68. The moratorium continued to throw up issues this year and in Colliers International UK Plc v the Governor & Company of the Bank of Ireland the question considered was whether the court had jurisdiction to grant retrospective permission to commence proceedings against a company in administration.

69. The judge considered a considerable number of cases commenting:

‘It appears that from the early 1890s to 1982, it had been the practice of courts not to treat proceedings commenced without permission as a nullity but, in appropriate cases, to give leave for the continuation of the proceedings: see Re Saunders [1997] Ch 60 at 70. However, Milmo J in Wilson v Banner Scaffolding Limited (The Times 22 June 1982) held that proceedings commenced against a company in compulsory liquidation without prior permission were a nullity and could not therefore be continued with permission. This was followed by Rattee J in Re National Employers Mutual General Insurance Association Limited [1995] 1 BCLC 232. The issue arose for decision in Re Saunders, in the context of proceedings commenced against a bankrupt.

Following adversarial argument over three days and a consideration of a large number of United Kingdom and Commonwealth authorities, Lindsay J came to the clear conclusion that the earlier decisions of Milmo J and Rattee J were wrong and that legal proceedings commenced against a bankrupt or a company in compulsory liquidation were not a nullity and that the court had jurisdiction to give retrospective permission for their commencement.'

70. The court noted a recent contrary view taken in Re Taylor [2006] EWHC 3029 (Ch), referred to Bank of Scotland PLC v Breytenbach [2012] BPIR 1, a decision of Chief Registrar Baister and concluded:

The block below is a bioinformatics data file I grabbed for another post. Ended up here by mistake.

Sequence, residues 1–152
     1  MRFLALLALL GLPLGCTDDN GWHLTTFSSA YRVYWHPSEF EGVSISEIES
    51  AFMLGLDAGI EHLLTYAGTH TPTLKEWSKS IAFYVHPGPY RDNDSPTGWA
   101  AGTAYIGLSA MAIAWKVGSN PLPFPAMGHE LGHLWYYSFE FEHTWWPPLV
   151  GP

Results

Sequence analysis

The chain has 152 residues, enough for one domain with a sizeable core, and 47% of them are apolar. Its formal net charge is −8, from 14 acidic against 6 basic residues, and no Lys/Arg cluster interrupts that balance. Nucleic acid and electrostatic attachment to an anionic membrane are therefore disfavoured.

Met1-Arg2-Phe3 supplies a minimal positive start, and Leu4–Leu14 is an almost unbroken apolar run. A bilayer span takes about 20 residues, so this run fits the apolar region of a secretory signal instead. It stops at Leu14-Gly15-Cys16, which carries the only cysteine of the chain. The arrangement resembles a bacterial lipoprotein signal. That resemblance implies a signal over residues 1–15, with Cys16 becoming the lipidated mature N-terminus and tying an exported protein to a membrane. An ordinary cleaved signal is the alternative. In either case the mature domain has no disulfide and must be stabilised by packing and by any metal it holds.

‘I have come to the clear conclusion that Re Saunders was correctly decided and that retrospective permission can be given for the commencement of proceedings, whether under section 130(2) or section 285(3) of the Insolvency Act 1986 or under paragraph 43(6) of Schedule B1.'

Administrators' liability and paragraphs 74 and 75 of Sch B1

71. What is the difference between para 74 and 75 Sch B1? Can a claim be pursued under para 74 even after the administration has ended? These are the questions the High Court was asked to consider in Coniston Hotel (Kent) LLP [2013] EWHC 93.

72. The claimants had formed a limited liability partnership (LLP) in order to refurbish a hotel. The claimants had funded a significant part of the work and obtained large loans from a bank. Shortly before completion of the project the bank withdrew credit. The respondents were insolvency and restructuring advisers. They agreed to advise the claimants and the bank about possible ways forward. The claimants needed approximately £900,000 to finish the project. The hotel had been valued at £7.7m. The bank obtained a further valuation which valued the hotel at only £3m. The bank refused to extend the loans, and the claimants appointed the respondents as administrators of the LLP. The hotel was sold for £4.25m and there was a large shortfall in the administration. The claimants' proof was £4m. They issued proceedings under Sch B1 asserting that the respondents had wrongly